To better communicate my proposal for the new architecture, I created wireframes based on it and shared the user flows with the main admin users for feedback.

The two main user flows that were impacted by the new IA

In the meetings with the two admin users, the new IA was validated and both users thought the user flows were intuitive. Now that the structure of the house is good to go, I was able to start adding building blocks and focusing on making the house more easy to use.

Challenge 2: How might we streamline the color managing experience?

While conducting an analysis of the existing admin UI, I pinpointed areas for improvement. The issues were addressed by the new design solutions one by one.

Issue 1: Ordering colors is difficult

Previously, the page where users reorder colors had a list view. When new colors are created, they are added to the bottom of the list which had 300+ colors at the time. It was a tedious and time-consuming job moving the new swatches all the way up to their correct locations.

I proposed a grid layout in the new design, shortening the page by at least 16 times. The grid layout will allow users to move color swatches a lot more easily and therefore increase their work efficiency. The main user that orders colors commented: "...ordering colors and setting up new colors are really two separate tasks. In the grid view, being able to see the color dots close together is very helpful."

In the second iteration, I shared the design with the Engineering team and they raised a concern about sorting color swatches into different groups by pattern — it would add a lot more complexity to the project. Since grouping color swatches isn't essential to the new experience, I dropped it in the last iteration.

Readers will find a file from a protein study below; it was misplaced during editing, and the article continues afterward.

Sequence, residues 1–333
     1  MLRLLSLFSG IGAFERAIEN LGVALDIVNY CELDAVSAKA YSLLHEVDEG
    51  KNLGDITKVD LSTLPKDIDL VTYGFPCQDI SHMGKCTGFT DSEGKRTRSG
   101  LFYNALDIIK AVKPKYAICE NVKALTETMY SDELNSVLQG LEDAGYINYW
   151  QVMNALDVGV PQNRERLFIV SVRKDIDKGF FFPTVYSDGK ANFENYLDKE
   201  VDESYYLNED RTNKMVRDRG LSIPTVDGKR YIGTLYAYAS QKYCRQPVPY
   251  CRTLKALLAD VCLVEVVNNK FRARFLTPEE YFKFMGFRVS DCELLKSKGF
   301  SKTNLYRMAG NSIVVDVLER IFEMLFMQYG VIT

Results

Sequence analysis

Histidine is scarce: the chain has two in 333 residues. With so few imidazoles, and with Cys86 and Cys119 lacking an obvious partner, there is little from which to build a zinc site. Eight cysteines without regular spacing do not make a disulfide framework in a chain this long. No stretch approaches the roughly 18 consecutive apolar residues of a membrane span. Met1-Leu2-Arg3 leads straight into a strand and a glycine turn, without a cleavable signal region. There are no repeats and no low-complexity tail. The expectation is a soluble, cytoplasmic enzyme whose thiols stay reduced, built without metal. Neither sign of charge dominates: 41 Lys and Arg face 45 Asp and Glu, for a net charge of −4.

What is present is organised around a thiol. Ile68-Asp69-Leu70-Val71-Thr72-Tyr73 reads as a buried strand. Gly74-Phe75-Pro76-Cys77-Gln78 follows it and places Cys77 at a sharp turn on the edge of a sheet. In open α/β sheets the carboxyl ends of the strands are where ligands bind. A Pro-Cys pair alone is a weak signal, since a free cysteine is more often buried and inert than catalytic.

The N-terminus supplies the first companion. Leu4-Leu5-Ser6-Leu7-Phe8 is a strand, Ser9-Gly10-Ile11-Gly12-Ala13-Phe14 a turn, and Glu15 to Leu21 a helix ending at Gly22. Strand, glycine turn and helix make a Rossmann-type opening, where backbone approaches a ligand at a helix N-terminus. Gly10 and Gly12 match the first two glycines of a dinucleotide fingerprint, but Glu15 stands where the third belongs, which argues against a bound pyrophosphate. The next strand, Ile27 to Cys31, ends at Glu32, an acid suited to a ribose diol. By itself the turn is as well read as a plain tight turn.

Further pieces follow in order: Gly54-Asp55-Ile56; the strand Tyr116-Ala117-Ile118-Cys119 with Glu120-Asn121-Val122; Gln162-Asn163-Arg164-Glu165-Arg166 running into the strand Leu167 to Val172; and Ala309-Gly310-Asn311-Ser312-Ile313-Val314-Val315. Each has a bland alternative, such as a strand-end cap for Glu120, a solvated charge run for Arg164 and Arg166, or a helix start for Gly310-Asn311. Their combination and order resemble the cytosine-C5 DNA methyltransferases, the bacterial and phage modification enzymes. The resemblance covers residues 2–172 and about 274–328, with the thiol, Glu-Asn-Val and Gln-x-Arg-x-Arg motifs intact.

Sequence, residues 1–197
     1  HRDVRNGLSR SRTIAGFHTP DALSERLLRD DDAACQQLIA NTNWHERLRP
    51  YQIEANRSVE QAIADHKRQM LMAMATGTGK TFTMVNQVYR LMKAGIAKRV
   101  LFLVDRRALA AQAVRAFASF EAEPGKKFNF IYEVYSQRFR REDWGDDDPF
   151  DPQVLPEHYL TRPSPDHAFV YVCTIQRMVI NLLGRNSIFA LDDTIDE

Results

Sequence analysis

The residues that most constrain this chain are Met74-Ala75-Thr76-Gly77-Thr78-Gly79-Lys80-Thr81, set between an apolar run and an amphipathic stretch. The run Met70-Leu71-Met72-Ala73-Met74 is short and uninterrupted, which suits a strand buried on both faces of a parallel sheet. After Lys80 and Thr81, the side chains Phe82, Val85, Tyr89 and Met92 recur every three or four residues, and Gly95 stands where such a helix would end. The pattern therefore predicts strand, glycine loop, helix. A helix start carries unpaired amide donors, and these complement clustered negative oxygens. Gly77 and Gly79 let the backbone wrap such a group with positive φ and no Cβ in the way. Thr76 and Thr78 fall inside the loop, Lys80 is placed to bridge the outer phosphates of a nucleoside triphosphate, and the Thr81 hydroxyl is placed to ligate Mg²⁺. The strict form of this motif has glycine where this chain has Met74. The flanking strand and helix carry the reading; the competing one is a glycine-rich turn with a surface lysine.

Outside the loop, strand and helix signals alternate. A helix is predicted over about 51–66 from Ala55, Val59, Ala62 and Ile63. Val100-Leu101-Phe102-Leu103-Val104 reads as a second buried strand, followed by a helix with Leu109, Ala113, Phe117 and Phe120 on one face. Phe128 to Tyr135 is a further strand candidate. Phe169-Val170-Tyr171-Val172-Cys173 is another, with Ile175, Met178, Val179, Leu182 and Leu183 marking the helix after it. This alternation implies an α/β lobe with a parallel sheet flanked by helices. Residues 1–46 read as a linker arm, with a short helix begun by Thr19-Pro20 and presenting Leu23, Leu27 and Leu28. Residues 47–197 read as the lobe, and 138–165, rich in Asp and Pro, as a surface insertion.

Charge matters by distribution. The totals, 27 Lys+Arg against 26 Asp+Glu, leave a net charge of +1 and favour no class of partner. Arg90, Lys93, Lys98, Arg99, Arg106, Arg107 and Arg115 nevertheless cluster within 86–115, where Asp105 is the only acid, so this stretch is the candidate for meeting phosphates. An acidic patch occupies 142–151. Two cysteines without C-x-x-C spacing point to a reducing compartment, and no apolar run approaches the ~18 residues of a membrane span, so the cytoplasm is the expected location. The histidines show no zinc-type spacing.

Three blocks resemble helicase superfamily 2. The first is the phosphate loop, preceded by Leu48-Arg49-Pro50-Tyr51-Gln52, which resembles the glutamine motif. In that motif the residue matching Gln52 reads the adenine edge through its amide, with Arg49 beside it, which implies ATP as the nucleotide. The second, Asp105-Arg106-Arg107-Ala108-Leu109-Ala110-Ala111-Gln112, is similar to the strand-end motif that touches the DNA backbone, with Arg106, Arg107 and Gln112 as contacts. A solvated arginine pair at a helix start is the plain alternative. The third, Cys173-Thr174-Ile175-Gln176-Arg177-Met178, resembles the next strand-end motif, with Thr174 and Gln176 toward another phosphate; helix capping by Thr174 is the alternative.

Issue 2: Lists are difficult to browse

Before, many lists were not properly ordered, making the lists difficult to browse. Some lists such as the Components list even had many irrelevant list items.

After confirming with the main users, I decided to order the lists alphabetically. I also added a request to the Engineering team to clean up the data so that users don't see random options on the lists.

In iteration 1, the main user from the Merchandising team mentioned that "the Components dropdown menu is really long and difficult to scroll, so some way to group colors would help." So I explored organizing components in a 2-level menu. While the Merchandising team liked this design, the Engineering team thought it would require too much effort to build a 2-level menu. So in the 3rd iteration, I updated the menu to be a single list but grouped the components by color family, and then added a label at the top of each group. This list style is native to Polaris, so our engineers didn't have to build a new menu style.